Yoga for the Bendy—Learning to Back Off

By: 
Charlotte Bell

My earliest recollection of being an über-bendy person is from when I took ballet lessons. I was about eight years old. The first time we went into side splits and bent forward, I was surprised to see that no one else in the class could rest her chin on the floor. My body could do it easily, with no resistance.

That led to many years of exploiting my hypermobility in exchange for positive attention. My flexibility even sparked my initial interest in asana practice. I’d see photos of people in splits, extreme backbends or posing with their ankles behind their heads and thought, “I can do that.” Finally, a form of physical practice I could actually do without having to work at it, I thought.

Early on, my hypermobility was encouraged and even praised by many teachers. There were a few though—Donna Farhi, Judith Hanson Lasater and Mary Dunn—who suggested that I pull back and focus on stability.

But, but … My ego was so fortified by being the bendiest person in pretty much any class or workshop I attended that I couldn’t justify changing course. The payoff was too enticing. Plus, nothing hurt while I was practicing asana. It was only in the rest of my life that I experienced chronic neck pain, SI joint dysfunction, sciatica, TMJ, low back pain and frequent headaches.

Joint Hypermobility Can Actually Be a Problem

I just finished reading an excellent article from Yoga International. (1) The article, by Bernadette Birney, (2) discusses Joint Hypermobility Syndrome (JHS) (3) and the author’s experience with its side effects. They include all the symptoms I list above and more, including fatigue and discomfort when standing for long periods, which I also have always experienced.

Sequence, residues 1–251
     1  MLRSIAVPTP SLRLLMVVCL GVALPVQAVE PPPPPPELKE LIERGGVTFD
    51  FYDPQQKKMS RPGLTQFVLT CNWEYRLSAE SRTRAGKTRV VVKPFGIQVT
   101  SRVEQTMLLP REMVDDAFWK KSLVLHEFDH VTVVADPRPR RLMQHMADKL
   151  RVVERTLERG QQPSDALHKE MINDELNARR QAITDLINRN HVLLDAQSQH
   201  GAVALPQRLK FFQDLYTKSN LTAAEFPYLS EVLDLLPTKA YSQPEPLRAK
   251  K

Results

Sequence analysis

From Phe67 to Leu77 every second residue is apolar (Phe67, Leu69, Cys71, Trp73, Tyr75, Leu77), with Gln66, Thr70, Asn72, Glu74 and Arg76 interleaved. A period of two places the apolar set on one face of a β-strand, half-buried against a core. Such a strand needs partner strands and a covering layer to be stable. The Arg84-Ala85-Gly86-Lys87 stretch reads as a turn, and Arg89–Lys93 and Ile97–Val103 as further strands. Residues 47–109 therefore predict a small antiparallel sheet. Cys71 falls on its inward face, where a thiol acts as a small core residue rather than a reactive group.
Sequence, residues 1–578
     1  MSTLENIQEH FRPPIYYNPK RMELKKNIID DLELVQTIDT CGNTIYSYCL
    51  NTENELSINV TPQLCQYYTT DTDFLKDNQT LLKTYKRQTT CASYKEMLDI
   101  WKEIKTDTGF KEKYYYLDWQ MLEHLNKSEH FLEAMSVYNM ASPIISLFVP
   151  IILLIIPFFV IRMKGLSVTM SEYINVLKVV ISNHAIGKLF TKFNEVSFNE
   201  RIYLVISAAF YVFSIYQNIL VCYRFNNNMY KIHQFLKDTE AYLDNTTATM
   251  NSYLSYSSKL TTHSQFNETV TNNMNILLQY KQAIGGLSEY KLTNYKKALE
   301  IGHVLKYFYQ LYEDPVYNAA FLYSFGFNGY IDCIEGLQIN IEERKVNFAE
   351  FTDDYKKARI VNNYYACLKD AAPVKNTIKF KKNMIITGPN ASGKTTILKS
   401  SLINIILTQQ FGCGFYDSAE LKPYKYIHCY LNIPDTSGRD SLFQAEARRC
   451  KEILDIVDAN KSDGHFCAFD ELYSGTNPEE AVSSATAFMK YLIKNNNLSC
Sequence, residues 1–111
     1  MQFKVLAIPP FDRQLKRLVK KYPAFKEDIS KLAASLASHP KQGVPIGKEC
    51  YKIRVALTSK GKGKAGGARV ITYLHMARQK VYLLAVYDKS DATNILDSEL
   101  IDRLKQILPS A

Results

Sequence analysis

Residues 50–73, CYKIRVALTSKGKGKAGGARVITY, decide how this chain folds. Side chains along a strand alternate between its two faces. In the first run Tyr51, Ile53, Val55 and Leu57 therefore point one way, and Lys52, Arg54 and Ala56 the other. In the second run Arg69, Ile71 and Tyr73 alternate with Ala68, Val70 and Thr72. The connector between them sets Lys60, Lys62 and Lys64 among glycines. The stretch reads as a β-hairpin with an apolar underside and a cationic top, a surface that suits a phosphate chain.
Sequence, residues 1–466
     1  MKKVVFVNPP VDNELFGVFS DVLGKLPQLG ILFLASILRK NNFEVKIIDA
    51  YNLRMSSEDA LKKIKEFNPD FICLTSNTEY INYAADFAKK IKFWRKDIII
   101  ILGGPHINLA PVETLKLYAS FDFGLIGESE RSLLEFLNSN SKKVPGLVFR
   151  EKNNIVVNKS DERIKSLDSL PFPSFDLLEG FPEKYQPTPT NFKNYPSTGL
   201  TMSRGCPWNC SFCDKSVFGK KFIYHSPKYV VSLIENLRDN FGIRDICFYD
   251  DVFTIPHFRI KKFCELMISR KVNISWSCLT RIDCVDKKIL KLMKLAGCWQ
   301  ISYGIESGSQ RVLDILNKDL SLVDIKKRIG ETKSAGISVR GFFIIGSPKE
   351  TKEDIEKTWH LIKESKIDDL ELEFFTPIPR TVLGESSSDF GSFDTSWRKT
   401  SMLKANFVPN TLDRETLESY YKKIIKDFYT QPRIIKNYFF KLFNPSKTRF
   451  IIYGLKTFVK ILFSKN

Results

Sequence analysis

According to the article, JHS may be caused by a genetic mutation in the collagen, the material that makes up our ligaments and tendons. People with JHS tend to have looser ligaments than normal. Because of this the ligaments do not do their job: to limit the range of motion in our joints. To compensate, the muscles have to tighten. Often the result is muscle spasms.

There are other, more far-reaching effects as well, including circulatory problems because of overly elastic blood vessels; and nervous system sensitivity that can cause anxiety, fatigue and sleeplessness (I’ve struggled with the last two my entire life).

JHS is considered to be a benign condition. According to Medicine.net (3) there are often no symptoms. And symptoms can lessen as we age due to a natural decrease in flexibility.

I have not been formally diagnosed with JHS, but I strongly suspect that I have it. My lifelong hypermobility, plus the symptoms I’ve experienced for so many years point to it. Regardless of the fact that I’ve not been diagnosed, like Birney, I have become much more conservative with my practice on the mat. I simply don’t practice any poses that push my flexibility. In fact, for the most part, I stay well inside my body’s parameters. When you’re hypermobile, whether or not you have been diagnosed with JHS or Ehler - Danlos Syndrome (4), its more extreme cousin, stability is what you need, not more flexibility.

Bendiness is Next to Godliness … Well, Not Quite

I’m guessing that there’s likely to be a higher percentage of people with JHS in the yoga population than in the population at large. It’s enticing, and fortifying in a way, to be noticed and praised for how your body is able to move. So doing a practice that seems to emphasize flexibility feels like a great fit. The so-called "advanced" poses are pretty to look at. Some people find them inspiring. But honestly, those of us who were born hypermobile didn’t do anything to earn our “advanced” status. We’re simply exploiting the equipment we came with.

Building Stability